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16th Feb 2024

Garda facial recognition technology at risk of being ‘ineffective and inherently flawed’, warns expert

Stephen Porzio


“If Ireland goes ahead with this technology, it’s just a matter of time before we become a cautionary tale in an international headline.”

An Oireachtas committee has heard that the Gardaí’s proposed use of facial recognition technology (FRT) runs the risk of being “ineffective” and “inherently flawed”.

Earlier this week, the justice committee met to scrutinise the draft Garda Síochána (Recording Devices) (Amendment) bill.

This serves to add FRT use to agreed legislation regarding the rollout of Garda body cameras across Ireland.

During the committee meeting, Dr Abeba Birhane – an assistant professor specialising in artificial intelligence at Trinity College’s school of computer science – said that, in seeking policing FRT legislation a second time, Ireland is running the risk of “inadvertently imposing a technology that is ineffective, inherently flawed, opaque and proven to be discriminatory”.

frtDr Abeba Birhane speaking about FRT

“Although it’s often presented as a cost-end resource effective aid to policing, FRT has proven to be ineffective and intrusive,” she also said.

Dr Birhane cited a recent survey of police use of FRT across Wales between 2016 and 2023, which reportedly found that out of over 500,000 faces scanned, over 3,000 people were “wrongfully identified” and only three arrests were ultimately made.

“In a recent study that was carried out by myself and my colleagues where we evaluated the latest state-of-the-art computer vision models on a classification task, we found that black people are still labelled at a much higher rate and misclassified as criminal and suspicious persons,” she also told the committee.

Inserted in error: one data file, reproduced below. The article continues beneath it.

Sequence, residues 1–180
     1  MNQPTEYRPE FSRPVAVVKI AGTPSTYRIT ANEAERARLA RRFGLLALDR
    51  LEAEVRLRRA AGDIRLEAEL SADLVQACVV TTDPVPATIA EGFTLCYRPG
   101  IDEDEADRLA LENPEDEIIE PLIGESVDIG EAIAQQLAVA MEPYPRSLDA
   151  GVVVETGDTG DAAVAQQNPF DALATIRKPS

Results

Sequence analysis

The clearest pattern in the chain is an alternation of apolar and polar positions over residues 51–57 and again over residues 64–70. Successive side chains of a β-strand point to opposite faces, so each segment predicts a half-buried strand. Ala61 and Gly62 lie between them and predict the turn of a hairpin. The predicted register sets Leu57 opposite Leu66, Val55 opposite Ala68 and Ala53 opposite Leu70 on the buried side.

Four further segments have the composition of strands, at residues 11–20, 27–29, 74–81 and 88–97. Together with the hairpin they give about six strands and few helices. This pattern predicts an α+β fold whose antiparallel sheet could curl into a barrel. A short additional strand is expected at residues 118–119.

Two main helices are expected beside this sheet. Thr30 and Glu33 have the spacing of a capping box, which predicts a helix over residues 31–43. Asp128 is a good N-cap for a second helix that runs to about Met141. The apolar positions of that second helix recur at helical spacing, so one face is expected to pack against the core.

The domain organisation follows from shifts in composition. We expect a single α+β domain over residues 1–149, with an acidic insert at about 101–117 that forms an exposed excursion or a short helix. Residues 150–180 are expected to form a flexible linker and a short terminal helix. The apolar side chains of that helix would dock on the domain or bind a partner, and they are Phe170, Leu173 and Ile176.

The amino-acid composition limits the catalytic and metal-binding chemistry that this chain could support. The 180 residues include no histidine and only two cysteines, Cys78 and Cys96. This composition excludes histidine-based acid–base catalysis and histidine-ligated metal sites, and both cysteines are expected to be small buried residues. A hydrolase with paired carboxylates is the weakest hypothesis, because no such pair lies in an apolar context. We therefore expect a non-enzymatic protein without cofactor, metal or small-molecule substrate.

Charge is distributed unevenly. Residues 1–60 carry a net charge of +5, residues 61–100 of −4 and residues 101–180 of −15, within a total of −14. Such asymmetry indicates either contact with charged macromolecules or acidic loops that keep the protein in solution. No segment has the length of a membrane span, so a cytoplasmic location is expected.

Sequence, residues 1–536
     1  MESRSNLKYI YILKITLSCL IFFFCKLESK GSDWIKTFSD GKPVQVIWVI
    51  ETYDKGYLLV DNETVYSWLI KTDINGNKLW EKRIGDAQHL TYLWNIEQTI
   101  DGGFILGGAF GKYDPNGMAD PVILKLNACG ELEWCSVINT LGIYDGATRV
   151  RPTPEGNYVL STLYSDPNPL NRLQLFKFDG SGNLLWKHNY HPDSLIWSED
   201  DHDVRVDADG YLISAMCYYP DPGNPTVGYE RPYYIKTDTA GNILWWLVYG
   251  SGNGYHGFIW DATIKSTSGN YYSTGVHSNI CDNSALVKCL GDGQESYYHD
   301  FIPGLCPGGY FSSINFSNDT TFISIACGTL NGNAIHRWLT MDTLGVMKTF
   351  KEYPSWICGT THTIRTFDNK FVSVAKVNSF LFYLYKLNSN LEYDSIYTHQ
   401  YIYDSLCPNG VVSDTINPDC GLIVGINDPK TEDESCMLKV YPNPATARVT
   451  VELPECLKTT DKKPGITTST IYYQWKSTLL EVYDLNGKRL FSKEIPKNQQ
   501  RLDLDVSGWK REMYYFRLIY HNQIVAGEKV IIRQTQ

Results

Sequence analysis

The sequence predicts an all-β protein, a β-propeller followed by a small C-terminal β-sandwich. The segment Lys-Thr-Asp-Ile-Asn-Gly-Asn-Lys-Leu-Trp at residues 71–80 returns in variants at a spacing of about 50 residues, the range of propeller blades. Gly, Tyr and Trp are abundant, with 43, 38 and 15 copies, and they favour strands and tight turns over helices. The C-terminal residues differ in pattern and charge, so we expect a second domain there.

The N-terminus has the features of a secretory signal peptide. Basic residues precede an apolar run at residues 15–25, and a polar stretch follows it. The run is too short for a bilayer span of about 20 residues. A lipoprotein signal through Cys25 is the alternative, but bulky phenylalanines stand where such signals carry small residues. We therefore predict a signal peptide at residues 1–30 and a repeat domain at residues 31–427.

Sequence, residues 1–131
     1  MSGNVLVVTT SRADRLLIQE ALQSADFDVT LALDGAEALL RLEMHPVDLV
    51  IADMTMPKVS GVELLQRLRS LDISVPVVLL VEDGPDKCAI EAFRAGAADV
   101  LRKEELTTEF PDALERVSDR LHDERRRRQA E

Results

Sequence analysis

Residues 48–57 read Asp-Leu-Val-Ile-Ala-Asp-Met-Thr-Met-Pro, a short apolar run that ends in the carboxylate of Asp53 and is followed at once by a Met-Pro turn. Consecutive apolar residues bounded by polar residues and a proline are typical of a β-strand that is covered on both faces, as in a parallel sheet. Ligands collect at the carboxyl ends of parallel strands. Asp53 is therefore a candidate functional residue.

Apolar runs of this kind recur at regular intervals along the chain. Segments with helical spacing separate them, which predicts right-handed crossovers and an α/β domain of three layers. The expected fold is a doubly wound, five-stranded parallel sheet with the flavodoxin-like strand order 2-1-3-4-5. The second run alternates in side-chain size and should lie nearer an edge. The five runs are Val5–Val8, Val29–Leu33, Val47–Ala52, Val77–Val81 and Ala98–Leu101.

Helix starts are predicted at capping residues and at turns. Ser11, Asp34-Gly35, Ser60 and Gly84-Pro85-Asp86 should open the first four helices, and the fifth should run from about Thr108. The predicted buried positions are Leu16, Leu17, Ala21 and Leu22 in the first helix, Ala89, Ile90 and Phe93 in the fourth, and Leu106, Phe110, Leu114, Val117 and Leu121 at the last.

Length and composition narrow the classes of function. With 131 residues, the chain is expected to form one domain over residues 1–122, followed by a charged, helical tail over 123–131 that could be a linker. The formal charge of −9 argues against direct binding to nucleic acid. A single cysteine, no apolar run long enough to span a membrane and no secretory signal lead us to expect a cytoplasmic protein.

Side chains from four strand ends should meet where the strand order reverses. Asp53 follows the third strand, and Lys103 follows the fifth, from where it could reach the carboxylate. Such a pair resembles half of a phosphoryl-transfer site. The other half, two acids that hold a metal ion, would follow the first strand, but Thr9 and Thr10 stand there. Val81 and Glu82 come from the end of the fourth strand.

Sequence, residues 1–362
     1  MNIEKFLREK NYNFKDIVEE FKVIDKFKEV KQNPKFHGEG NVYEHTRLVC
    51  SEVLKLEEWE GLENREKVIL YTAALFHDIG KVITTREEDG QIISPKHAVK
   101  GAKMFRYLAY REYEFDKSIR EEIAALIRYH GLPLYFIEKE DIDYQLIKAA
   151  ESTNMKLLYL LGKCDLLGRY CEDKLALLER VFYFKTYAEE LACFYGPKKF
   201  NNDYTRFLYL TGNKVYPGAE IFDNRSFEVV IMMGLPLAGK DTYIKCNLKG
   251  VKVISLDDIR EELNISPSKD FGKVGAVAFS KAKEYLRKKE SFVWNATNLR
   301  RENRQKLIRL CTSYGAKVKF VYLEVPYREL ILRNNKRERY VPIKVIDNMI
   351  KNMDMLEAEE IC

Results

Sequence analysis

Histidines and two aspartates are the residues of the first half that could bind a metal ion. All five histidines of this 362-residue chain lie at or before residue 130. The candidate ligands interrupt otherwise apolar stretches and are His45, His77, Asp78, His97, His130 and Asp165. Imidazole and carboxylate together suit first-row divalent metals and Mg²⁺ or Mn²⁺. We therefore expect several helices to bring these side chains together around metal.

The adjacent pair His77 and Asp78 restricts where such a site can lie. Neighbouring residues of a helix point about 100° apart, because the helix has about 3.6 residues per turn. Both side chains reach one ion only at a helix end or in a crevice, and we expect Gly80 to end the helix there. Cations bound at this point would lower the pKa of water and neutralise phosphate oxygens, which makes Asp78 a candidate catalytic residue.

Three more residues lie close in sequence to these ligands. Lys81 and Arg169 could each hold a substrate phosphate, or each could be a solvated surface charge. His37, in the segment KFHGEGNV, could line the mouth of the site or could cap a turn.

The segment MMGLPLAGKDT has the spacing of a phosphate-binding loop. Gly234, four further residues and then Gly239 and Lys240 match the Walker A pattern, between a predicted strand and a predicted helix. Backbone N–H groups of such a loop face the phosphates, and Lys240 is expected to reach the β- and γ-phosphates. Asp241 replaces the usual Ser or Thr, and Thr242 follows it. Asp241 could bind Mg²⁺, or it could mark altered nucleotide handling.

“So far in the US alone, we know of six people that have been wrongfully convicted and arrested due to errors in FRT. Five of them are black men and one of them is a black woman.

“Again, the discrimination tends to be against minoritised identities.”

Concluding her opening statement, Dr Birhane said: “If Ireland goes ahead with this technology, it’s just a matter of time before we become a headline, a cautionary tale in an international headline.

Also speaking at the Oireachtas Committee was Garda commissioner Drew Harris, who said that Gardaí, in order to effective in fulfilling their role, “must have access to modern digital image analysis and recognition tools”.


Garda Commissioner Drew Harris speaking about FRT

“There’s obviously a very understandable public concern and indeed perhaps some confusion about AI technology and indeed what An Garda Síochána intend on how we use it as an investigative tool,” he added.

“I wish to clarify that in Garda Síochána, this means electronic tools, that that’s only in support of decisions taken by Gardaí.

“There’s no question of autonomous machine decision making ever. All decisions that can impact on a person are only taken by identifiable and accountable personnel.”

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